Both the types of images included and those excluded in the OEE scenes are clearly laid out on the introductory page.3 The arbitrary nature of the images included and excluded does slightly curtail the site's usefulness as a database. However, even with this limitiation, the OEE scenes is a magnificent resource and contains information on thousands of images.
The basis for the data presented is Bertha Porter and Rosalind Moss, Topographical Bibliography of Ancient Egyptian Hieroglyphic Texts, Reliefs and Paintings, (Oxford, Clarendon Press, 1927-) -- Porter and Moss. These data have been augmented as the project has grown. Currently data are present for 495 tombs in 58 cemeteries at 27 sites.
OEE Scenes offers its data with no interpretation of the scenes beyond the subject classifications; however, as with any database, it provides a number of ways to organize its catalog of scenes. The introduction to the database provides an overview of the types of queries that are available and the displays that they produce. Line drawings of typical scenes from each subgroup are provided.
Both sites (Digital Egypt and OEE scenes) provide extensive data with adequate documentation and bibliographies to make further, more focused research possible. There may be more overt scholarly interpretation present on Digital Egypt, but that is the nature of the general site versus a database. The scholarly research that resulted in the categorization of tomb imagery on the OEE database is more basic, but no less important to our understanding of ancient Egypt. It is this type of research that supports the articles found on Digital Egypt.
Both sites are relatively straight-forward and simple to navigate. Both provide a banner with a menu of the main sections across the top of every screen.
The banner menu on Digital Egypt lists only the home page, the timeline, maps, the A-Z index and the learning page, but no search mechanism. All topical analyses are accessed from the home page. Each topical section within Digital Egypt has a different presentation of its material. Some sections, like astromony, are divided into topics (clocks, zodiac and astrolabes in the case of Astronomy) then into chronology. Others, like Beliefs, are first divided by chronology, then by topic. Cross-links on a page are only to other pages within the given section or to the bibliography. The Art-and-architecture section in particular has many internal cross-links so little backtracking is necessary to follow a train of thought not directly addressed by its authors. Other sections, like the Temple section under Beliefs, does not even provide cross-links to actual temples, even though Flinders Petrie excavated and published those at Thebes and Digital Egpyt itself has pages devoted to them. However, the extensive A-Z index can be used exactly like an index in a standard scholarly publication to access any data on the site. The A-Z index is also the only way to access much of the individual site information directly.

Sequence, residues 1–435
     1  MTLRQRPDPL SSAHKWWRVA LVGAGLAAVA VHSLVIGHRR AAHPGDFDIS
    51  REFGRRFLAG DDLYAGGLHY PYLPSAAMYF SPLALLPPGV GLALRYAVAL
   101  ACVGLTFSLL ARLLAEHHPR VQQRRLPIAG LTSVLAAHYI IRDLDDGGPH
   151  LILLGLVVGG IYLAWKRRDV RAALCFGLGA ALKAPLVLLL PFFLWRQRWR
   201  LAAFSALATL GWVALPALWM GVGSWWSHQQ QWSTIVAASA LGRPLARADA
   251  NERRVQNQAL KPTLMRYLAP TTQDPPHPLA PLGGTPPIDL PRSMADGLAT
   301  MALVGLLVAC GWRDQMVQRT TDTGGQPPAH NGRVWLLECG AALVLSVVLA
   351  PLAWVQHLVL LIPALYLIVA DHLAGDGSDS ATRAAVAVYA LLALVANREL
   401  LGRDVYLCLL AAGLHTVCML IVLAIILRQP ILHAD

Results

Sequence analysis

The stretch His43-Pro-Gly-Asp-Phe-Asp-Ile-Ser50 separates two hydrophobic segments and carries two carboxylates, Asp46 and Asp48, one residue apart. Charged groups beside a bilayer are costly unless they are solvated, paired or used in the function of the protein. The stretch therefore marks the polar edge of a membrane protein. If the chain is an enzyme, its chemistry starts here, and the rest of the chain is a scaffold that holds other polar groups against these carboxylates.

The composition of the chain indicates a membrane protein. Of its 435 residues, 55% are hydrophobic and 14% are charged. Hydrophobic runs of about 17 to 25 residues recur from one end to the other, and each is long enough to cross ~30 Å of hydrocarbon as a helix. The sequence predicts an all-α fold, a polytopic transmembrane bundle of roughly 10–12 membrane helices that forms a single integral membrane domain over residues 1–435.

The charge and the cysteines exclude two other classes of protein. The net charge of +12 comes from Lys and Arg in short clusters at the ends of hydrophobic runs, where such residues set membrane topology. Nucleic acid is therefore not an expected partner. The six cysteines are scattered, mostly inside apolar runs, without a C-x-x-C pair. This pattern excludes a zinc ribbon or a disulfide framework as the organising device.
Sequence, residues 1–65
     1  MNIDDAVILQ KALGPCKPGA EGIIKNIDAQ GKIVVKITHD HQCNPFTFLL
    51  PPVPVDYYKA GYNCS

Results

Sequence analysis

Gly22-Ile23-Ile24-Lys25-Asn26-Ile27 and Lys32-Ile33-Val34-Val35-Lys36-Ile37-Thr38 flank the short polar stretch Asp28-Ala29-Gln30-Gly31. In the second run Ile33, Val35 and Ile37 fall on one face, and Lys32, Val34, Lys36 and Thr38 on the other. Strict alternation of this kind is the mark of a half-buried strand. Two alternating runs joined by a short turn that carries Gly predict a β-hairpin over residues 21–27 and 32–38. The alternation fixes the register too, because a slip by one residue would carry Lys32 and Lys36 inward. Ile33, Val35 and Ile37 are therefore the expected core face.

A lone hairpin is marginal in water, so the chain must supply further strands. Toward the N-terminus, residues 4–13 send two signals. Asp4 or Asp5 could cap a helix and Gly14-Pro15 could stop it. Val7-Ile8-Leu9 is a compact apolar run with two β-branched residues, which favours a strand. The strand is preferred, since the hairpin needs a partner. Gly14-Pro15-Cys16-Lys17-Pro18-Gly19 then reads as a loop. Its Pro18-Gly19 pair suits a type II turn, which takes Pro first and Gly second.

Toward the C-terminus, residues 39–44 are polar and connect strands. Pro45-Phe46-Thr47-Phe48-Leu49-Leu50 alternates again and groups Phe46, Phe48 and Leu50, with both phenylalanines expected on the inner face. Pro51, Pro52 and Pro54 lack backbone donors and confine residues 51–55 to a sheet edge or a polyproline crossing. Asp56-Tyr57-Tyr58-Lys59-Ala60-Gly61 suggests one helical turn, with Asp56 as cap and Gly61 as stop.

The banner menu on the OEE scenes site provides links to the introduction, overview, database, bibliography, glossary and help pages. The database page provides structured access to the data and gives a wide selection of ways to display the results of queries.
There are two hierarchical ways to approach the data, either (1) by a single tomb and all the catalogued imagery therein or (2) by a particular scene and all tombs that contain that scene. These hierarchic approaches have the frustrations inherent in this database structure. The data must be approached hierarchically, as the designers themselves used and envisioned them. In this case, attempts to see all images that a set of tombs might have in common involves manually comparing lists of tombs and their images or lists of image types and their associated tombs. Such lists are quickly produced, but it would be nice to be able to do the comparisons mechanically since that it what computers do very well. I do not know if the problem is with the heirarchical design of the underlying database or only with the provided approaches to the data that the web site allows.
Both sites fail in some aspects to take advantage of the possibilities of the new flexible and non-linear approaches to data that online resources provide. Both do, nonetheless, contain reliable data and interpretations that can be accessed in a logical order.